Listen to “28. No, Your Customer Isn't Always Right w/ Jaime Casap” on Spreaker.
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Behind the phrase “the customer is always right” is an interesting origin story. It dates back more than 100 years to retailers like Marshall Fields and Selfridges. And it may not have been intended to be taken literally, even though many people have.
In this episode of The Customer Experience Podcast, Jaime Casap, Chief Education Evangelist at Google, buries the concept while providing a better approach to serving our stakeholders and improving customer experience.
Playing an integral role in the launch of the G-Suite, Chromebooks, and other Google tools in education over the past 12+ years, Jaime believes that education disrupts poverty and that technology changes lives.
He speaks internationally on the future of education, the future of work, technology and innovation, and Generation Z. And he brings many of his thoughts, ideas, and opinions to this fast, fun, and valuable conversation, including:
- Why “What do you want to be when you grow up?” is the wrong question
- What a better question to ask is, plus two follow-up questions
- Why the customer isn’t always right (and what to do about it)
- How to serve students, parents, administrators, professional speakers, consumers, and others as customers
- How to be a more persuasive speaker and a more persuasive person
- How he views competitors like Apple and Microsoft in the education space
- Why Howard Stern is an exceptional interviewer
- How and why he’s building his YouTube channel
- Much more!
Below are the highlights of our conversation, which I expect you’ll enjoy!
No, Your Customer Isn’t Always Right
To listen to this episode on the go, as well as any or every other conversation, please subscribe to The Customer Experience Podcast:
You can also listen to the episode with Jaime Casap right here…
Listen to “28. No, Your Customer Isn't Always Right w/ Jaime Casap” on Spreaker.
Google’s Competition (or Not) with Microsoft and Apple
“I have no idea what Microsoft and Apple are doing. I don’t care,” Jamie confesses before adding “All I care about are my users.”
Helping his customers find the right tool for the right job, capitalize on opportunities, and overcome obstacles is a much better use of his time, attention, and energy than what others are doing.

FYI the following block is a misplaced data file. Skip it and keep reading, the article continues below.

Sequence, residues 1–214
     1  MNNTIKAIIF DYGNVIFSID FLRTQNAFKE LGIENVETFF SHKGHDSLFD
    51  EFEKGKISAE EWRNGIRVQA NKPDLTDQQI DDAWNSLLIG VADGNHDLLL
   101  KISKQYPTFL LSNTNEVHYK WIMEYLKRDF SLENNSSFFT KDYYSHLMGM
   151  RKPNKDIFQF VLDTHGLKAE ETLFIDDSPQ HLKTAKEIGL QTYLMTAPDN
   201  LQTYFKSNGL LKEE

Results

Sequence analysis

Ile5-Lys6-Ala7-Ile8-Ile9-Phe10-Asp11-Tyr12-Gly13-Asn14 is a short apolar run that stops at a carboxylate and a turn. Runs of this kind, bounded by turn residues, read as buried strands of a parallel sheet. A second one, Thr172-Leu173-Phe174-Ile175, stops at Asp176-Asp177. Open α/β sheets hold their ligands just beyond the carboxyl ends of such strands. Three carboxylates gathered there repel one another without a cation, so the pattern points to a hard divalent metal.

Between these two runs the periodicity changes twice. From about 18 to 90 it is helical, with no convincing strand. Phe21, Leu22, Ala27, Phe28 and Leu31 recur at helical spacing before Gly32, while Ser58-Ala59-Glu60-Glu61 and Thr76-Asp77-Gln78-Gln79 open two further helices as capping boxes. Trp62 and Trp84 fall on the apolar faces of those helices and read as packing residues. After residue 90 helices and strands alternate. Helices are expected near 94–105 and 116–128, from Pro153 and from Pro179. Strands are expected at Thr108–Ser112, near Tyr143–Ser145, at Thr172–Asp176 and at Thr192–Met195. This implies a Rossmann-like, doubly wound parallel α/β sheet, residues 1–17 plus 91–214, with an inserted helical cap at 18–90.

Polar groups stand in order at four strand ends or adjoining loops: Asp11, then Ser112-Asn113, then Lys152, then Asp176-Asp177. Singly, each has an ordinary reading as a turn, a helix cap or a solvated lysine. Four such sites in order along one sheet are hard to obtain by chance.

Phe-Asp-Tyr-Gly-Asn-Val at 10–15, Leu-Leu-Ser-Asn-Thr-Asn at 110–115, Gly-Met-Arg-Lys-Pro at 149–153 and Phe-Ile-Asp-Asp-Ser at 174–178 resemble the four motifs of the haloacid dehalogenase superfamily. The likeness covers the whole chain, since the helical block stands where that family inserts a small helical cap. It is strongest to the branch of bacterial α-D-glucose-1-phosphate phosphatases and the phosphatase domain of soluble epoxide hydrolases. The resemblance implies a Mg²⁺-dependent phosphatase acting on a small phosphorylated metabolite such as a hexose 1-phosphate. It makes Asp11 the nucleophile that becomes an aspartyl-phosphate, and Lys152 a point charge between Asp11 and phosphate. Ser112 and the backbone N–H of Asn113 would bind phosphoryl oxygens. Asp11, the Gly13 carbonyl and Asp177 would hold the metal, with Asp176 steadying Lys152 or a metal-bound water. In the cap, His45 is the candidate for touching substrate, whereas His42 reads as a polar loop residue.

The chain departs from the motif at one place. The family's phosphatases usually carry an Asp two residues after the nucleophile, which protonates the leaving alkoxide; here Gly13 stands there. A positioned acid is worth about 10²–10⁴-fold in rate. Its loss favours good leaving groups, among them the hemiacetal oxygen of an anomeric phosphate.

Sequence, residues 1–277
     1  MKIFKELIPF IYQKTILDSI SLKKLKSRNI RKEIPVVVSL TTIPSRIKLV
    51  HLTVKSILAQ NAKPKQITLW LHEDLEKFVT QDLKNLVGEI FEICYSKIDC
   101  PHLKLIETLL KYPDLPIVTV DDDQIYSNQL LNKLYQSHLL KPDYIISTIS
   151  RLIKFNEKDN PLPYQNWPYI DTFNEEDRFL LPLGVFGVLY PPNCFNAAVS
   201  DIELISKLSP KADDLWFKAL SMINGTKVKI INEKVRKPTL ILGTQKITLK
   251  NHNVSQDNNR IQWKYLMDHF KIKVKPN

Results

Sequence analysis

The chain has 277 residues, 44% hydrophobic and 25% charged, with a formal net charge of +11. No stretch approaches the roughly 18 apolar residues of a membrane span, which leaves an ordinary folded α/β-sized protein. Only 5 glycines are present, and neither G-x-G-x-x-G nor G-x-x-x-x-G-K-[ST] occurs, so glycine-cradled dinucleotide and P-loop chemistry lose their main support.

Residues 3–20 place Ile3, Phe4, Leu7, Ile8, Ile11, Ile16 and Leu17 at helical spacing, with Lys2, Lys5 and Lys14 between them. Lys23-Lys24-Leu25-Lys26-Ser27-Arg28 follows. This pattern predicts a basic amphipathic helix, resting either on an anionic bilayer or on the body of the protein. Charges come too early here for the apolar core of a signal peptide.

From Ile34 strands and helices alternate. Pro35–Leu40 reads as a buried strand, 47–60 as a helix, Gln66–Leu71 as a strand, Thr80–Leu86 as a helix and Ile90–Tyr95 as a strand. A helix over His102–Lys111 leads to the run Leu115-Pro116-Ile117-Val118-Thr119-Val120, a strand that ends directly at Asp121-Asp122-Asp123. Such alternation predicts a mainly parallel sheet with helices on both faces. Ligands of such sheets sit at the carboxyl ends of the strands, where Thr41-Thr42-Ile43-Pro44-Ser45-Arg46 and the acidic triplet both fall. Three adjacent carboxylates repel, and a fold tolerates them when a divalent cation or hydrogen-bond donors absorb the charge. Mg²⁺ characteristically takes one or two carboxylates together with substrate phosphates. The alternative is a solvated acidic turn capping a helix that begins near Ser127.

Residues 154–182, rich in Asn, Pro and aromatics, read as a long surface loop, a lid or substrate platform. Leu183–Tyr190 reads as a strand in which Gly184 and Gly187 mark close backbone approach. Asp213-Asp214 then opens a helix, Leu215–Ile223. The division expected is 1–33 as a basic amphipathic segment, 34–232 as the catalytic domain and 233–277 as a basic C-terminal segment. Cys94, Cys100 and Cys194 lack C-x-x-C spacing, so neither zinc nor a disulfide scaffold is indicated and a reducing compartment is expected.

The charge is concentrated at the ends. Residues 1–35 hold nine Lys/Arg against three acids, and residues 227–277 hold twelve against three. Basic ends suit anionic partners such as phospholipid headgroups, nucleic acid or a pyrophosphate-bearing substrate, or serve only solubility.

Here’s a clip from our time together in which he runs through his thoughts on the competitive landscape in the education space …
In that clip, Jaime jokes that “the day I dread the most out of any day of the year — the day I wish I could work — is December 25th.” To address the puzzled look on your face, he explains why: “That’s the day my in-laws get their new technology that now I have to explain how to use.”
If two people with a solid education and good life experience can’t operate new technology, how would an organization of hundreds of people with thousands of users be expected to? The Chromebook solves many of a school’s problems by providing the tools necessary to launch and manage devices to scale. Here are two of many reasons they’ve been so successful, even though they were often overlooked and even doubted …
1) Chromebooks provide the individual user a great experience. They boot up in seconds. Their battery lasts all day. Their learning curve is non-existent compared to other machines.
2) Chromebooks provide education administrators and IT teams a great experience. Even when students take them home, they behave according to on premises controls and settings.
This is just one small example of how the Google education team identifies and solves customers’ challenges with their ever-growing hardware and software toolset.
What Does a Chief Evangelist Do?
Before we go further, let’s address Jaime’s title … Chief Education Evangelist. What does that mean? And how did he get it?
In the clip below, Jaime tells the story (spoiler: it was initially and informally assigned to him by an educator in Michigan) …
Some of the characteristics: